The last thing Squadron Leader Len Trent hoped to see when he emerged from the tunnel was a rifle being shakily pointed at him by a German guard. As he slowly crawled out onto the snow, Trent heard a panic-stricken voice bellowing from the woods a few yards away. “Don’t shoot! Don’t shoot!” it shouted. It belonged to a fellow squadron leader and escaper called Laurence Reavell-Carter, who was desperate to ensure that Trent didn’t get a bullet through his forehead.
Reavell-Carter’s words did nothing to calm the guard, who immediately fired a round off into the air, shattering the still early hours of a sharply cold morning. Trent jumped out of the tunnel, and raised his arms. There could be no better time than now for him to try out his elementary German.
“Nicht scheissen!” he shouted. “Nicht scheissen!”
The guard looked perplexed – as well he might. For rather than using the German word for ‘shoot’ (‘schiessen’), Trent was instead imploring the guard not to defecate.
In the confusion that reigned, another escaper, Flight Lieutenant Michael Shand, decided to take full advantage and scampered into the woods. The guard, too slow to react, simply blew his whistle, while doing his best to keep his rifle trained on Trent and Reavell-Carter, as well as two other escapers who had left the tunnel.
For these four men, their attempts to flee the notorious Stalag Luft III prisoner-of-war camp were over almost as soon as they had begun. Their roles in the ‘Great Escape’ had been very small indeed. But while they waited to be taken away for questioning, 76 other escapers were now on the run, doing their best to get back home and rejoin the fight against the Nazis.
The story of what happened on the night of 24/25 March 1944, and in the subsequent weeks 75 years ago, is well known to many. Immortalised by the 1963 film starring Steve McQueen and Richard Attenborough, as well as in countless books and documentaries, the Great Escape has entered into our national wartime mythology, alongside other momentous operations such as Dunkirk and D-Day.
However, in sad and almost unpalatable truth, the Great Escape was anything but great. Instead, it should be seen largely as a failure, a hubristic exercise that needlessly risked young lives, and had the very opposite effect to what was intended. In the words of one prisoner of war (PoW), it was “an act of military madness” that resulted in 50 recaptured escapers being shot, and made not an ounce of difference to the war effort.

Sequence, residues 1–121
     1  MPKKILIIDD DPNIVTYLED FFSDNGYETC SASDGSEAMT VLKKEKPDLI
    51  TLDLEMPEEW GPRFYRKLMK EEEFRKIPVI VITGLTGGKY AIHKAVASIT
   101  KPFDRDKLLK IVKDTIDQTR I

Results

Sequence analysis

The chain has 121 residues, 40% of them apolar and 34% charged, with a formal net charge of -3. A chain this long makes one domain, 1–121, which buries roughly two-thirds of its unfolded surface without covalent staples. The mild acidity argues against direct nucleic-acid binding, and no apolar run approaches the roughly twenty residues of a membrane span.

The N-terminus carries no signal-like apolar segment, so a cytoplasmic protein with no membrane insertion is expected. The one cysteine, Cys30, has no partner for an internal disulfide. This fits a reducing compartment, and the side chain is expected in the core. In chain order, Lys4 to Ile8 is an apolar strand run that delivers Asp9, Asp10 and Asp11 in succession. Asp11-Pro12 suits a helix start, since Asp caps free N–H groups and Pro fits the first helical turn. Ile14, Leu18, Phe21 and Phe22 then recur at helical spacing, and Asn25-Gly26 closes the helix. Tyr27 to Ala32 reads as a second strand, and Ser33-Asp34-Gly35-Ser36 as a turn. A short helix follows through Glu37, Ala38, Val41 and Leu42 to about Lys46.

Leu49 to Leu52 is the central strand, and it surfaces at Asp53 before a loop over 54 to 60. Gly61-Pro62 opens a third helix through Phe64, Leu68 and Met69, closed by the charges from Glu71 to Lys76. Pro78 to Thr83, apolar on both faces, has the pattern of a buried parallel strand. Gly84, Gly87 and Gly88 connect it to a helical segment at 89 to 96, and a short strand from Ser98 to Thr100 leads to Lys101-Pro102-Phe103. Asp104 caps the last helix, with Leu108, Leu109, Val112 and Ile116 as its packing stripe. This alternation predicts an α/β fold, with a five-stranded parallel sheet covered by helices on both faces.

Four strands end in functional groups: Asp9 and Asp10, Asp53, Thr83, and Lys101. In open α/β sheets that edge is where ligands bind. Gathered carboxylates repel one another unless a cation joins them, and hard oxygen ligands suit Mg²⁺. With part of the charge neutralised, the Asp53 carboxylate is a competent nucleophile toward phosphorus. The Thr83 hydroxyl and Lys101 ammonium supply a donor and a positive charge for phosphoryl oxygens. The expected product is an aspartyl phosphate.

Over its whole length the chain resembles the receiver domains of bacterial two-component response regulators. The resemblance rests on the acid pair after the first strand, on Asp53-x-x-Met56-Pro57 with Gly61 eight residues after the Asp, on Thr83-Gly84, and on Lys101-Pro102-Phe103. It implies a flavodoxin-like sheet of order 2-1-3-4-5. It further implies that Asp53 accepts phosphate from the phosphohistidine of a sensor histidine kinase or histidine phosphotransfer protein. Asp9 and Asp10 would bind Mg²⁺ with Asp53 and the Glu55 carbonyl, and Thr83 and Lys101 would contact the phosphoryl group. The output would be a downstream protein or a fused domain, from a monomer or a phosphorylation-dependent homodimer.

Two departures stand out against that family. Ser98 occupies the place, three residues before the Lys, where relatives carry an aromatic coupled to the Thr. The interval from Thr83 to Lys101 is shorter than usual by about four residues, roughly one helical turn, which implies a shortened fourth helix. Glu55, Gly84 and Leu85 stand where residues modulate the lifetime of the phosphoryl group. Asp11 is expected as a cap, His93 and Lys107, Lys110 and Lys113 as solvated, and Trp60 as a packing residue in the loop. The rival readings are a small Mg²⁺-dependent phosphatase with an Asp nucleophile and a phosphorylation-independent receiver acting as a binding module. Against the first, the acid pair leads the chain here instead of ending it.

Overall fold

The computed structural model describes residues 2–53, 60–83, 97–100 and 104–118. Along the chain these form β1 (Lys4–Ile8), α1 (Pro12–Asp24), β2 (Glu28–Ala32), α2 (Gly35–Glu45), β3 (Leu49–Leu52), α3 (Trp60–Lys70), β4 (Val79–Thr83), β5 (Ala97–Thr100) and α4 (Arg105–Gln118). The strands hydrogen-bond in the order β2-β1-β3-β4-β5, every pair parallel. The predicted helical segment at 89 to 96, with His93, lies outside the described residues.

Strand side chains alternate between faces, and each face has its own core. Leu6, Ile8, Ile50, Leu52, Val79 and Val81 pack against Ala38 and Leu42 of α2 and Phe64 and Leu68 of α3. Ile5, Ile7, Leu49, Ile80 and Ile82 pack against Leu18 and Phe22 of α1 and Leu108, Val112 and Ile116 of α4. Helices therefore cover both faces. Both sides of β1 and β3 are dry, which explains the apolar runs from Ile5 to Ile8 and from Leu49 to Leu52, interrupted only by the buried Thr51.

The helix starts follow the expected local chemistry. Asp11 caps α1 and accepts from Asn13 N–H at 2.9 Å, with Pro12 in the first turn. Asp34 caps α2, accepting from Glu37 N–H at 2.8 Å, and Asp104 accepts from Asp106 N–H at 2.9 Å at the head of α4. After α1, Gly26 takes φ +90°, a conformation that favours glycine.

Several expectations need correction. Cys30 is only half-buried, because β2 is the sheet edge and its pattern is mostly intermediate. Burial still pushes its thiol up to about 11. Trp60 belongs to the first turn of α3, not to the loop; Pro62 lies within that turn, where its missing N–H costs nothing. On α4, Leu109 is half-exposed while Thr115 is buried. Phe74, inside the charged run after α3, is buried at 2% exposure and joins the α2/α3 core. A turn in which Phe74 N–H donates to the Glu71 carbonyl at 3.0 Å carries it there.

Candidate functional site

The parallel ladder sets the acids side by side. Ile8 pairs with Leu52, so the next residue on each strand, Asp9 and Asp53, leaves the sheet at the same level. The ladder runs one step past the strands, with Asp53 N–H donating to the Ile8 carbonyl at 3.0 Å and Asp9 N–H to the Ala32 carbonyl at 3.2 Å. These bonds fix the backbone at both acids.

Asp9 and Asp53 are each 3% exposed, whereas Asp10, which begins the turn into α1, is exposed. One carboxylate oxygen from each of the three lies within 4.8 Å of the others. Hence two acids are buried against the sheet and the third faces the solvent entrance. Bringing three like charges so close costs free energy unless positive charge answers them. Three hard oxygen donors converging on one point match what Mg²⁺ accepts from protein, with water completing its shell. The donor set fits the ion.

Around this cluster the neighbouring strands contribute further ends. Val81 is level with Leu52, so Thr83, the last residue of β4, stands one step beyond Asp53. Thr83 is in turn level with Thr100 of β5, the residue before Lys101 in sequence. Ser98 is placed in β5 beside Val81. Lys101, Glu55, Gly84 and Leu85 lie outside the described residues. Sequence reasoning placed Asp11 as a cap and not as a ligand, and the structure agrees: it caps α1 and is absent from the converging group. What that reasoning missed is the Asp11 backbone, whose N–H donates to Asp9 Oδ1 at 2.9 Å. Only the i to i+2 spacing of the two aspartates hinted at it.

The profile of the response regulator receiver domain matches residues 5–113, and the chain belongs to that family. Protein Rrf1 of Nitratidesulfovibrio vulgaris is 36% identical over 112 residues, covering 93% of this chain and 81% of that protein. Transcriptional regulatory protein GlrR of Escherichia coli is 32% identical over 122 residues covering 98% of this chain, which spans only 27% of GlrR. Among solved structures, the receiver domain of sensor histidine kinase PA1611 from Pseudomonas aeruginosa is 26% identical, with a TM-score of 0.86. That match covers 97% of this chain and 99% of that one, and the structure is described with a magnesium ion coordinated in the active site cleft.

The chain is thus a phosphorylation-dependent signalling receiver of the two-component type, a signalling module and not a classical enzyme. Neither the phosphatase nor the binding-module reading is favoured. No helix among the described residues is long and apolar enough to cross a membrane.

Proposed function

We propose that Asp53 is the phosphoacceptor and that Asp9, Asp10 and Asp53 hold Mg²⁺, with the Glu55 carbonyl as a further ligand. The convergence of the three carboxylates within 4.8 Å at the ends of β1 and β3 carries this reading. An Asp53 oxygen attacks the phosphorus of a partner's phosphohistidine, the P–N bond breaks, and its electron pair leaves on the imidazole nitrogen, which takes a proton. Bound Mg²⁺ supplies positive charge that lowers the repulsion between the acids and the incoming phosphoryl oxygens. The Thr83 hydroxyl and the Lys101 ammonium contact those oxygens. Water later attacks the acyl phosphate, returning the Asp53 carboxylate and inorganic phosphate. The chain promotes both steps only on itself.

As we commemorate those who lost their lives, we should not be afraid to examine why they died, and to look beyond the triumphalism of the movie, and to ask whether the Great Escape was really worth its appallingly high cost.
A jolly public school
Thanks to their depiction in numerous stirring movies, we tend to think of Allied PoWs as robust chaps, escape-hungry heroes always ready to attempt a breakout when given the slightest opportunity. The camps themselves, although looking pretty basic, seem relatively comfortable, and the prevailing atmosphere appears to be one of a jolly British public school transported to a Silesian wood.
Such a portrait is seriously misleading. Camps such as Stalag Luft III – which was established by no less a figure than the head of the Luftwaffe, Hermann Göring, to incarcerate downed Allied air force officers – were tough places. Food was minimal and largely unpleasant – a German dish called ‘fish cheese’ was particularly loathed – and conditions in the huts grew increasingly cramped and unhygienic as more prisoners inevitably entered the camp during the later stages of the war. Even in a time far less sensitive to such matters, reports made by inspectors from the Red Cross showed that many prisoners suffered from mental health issues engendered by a sense of failure, boredom, captivity and claustrophobia.
It is tempting to suppose that many PoWs would have wished to escape, but surprisingly it appears that most had no desire to do so whatsoever. Although everybody wanted to be back home, only a third actually wished to mount escape attempts, according to the legendary escaper Jimmy Jones. Why then, in contrast to the movie versions of the camps, was escaping a minority activity?
The truth is that, as well as representing captivity, the barbed wire around the camp also represented safety. If you were locked up in a PoW camp, there was every chance that you were going to survive the war, unlike comrades still flying Lancasters over Berlin. As it was, most captured airmen had survived being shot down, and were not overly eager to get into a bomber or fighter ever again. It was for this reason that many refused to sleep in the top bunk, as regular nightmares about falling from the sky would see the sleeper rolling out and landing in a painful heap in the middle of the night. Why risk your neck trying to escape, only to have to return to life-threatening sorties? Many felt that they had done ‘their bit’. For them, the war really was over.